My front row perspective

Sometimes I feel like I’m back in grade school when I’m on the job.
No one wants to sit in the front row.
At board meetings, press conferences, even informational events meant to celebrate a happening.
What is the problem, people? Afraid you might be able to tell what’s going on?
It’s the nature of the job that I take a prime seat in the crowd. I need to know what’s being said and who’s saying it.
But with everyone sitting behind me, I sometimes feel like I’m covering a tennis match instead of a board meeting. I end up sitting sideways, one ear trained on the front of the room, the other on the back.
They sit at the very back of a room so they can whisper back and forth.
Or they take a seat in the middle of the crowd and make calls of “can’t hear you” to the front – where a slew of empty seats sit, forlornly wondering what the average hind end has against them.
I tend to giggle when the crowd starts pulling chairs out of the carousel. The back rows are full, and they’re afraid to grab a seat from the front – lest someone suggest they simply sit in it.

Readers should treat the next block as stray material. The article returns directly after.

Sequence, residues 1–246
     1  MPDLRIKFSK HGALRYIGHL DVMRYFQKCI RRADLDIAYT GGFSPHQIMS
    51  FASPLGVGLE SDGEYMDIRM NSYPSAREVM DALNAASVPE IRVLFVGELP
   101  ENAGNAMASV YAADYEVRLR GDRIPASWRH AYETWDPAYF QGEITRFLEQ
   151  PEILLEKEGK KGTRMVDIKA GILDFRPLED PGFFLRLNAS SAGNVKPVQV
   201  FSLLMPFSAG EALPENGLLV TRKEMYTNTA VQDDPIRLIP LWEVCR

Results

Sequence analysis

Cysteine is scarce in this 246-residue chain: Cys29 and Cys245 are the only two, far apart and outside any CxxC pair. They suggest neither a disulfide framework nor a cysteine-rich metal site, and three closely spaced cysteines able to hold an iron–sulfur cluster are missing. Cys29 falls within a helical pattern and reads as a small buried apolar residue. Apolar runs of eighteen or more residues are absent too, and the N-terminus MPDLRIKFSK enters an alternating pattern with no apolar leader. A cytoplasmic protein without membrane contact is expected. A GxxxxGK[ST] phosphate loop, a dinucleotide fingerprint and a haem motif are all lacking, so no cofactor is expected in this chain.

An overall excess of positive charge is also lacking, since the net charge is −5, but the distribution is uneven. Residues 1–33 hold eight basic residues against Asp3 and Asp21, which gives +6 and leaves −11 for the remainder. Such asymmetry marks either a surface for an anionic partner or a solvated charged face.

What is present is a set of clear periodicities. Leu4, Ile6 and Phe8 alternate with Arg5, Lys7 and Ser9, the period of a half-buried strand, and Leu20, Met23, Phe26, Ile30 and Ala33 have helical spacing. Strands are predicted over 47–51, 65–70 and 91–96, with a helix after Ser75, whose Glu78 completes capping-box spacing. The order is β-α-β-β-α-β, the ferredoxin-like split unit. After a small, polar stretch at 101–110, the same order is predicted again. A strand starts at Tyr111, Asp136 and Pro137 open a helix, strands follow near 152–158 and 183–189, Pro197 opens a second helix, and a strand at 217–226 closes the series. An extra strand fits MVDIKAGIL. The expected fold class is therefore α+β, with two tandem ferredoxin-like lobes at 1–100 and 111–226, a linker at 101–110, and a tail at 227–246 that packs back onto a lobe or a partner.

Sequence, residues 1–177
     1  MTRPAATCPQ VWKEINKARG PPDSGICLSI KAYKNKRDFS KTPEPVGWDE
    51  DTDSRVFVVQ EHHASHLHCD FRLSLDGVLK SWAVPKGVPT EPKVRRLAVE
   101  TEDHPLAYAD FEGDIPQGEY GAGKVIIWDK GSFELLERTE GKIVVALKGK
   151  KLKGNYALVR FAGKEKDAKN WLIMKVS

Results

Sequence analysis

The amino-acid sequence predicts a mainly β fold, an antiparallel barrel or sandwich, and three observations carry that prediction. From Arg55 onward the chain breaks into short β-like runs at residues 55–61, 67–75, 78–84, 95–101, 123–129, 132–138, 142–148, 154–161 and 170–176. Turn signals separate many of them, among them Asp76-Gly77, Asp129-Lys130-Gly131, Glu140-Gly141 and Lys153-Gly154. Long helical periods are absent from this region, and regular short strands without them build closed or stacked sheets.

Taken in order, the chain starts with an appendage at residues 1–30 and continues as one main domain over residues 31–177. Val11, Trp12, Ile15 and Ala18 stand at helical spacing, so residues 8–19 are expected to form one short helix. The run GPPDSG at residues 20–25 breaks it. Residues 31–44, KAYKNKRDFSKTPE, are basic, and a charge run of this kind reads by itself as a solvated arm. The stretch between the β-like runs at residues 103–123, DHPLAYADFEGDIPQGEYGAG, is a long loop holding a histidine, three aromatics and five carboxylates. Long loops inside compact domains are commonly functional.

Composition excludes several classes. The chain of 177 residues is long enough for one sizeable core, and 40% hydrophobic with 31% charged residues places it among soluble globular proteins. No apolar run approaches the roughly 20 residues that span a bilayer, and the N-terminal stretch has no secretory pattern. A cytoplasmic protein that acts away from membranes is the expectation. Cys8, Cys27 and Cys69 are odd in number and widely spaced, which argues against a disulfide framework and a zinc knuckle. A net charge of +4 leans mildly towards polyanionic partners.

They’d rather open up another seat, and choose their own place in the room.
Then there are the standing-room-only members of the crowd, who lean against a wall until someone in the middle of the room gets up to go. No other seat will do; certainly not one of the five offered them that were within sight distance of the businesses at hand.
Remember the first day of school, when you scurried to the back of the room, hoping against hope that the teacher wouldn’t call you forward? Kids with last names beginning with the letter “A” were regarded with abject pity by the kids whose parents blessed them with an “S” or “V” moniker, a promise they’d be parked at the rear middle at the very least.
Even worse were the kids who suddenly got glasses – who teachers treated as though their parents hadn’t just fixed their sight difficulties with a $300 visit to the eye doctor. Kids with glasses got stuck in the front row, beside the “A” kids and the troublemakers who couldn’t hack it in the back.
Now, here I am, the “S” kid, with contacts, whose job keeps her silent (and thus unable to make trouble). And I’m all alone in the front row.
I’ll admit I’m not complaining – too much. People who sit next to me are fond of watching what I’m writing, peering at my notebook as I scribble down notes of what’s going on.
They don’t have to.
I promise; I’m writing down exactly what you’re hearing. Well, what you’d be hearing if you were paying attention.
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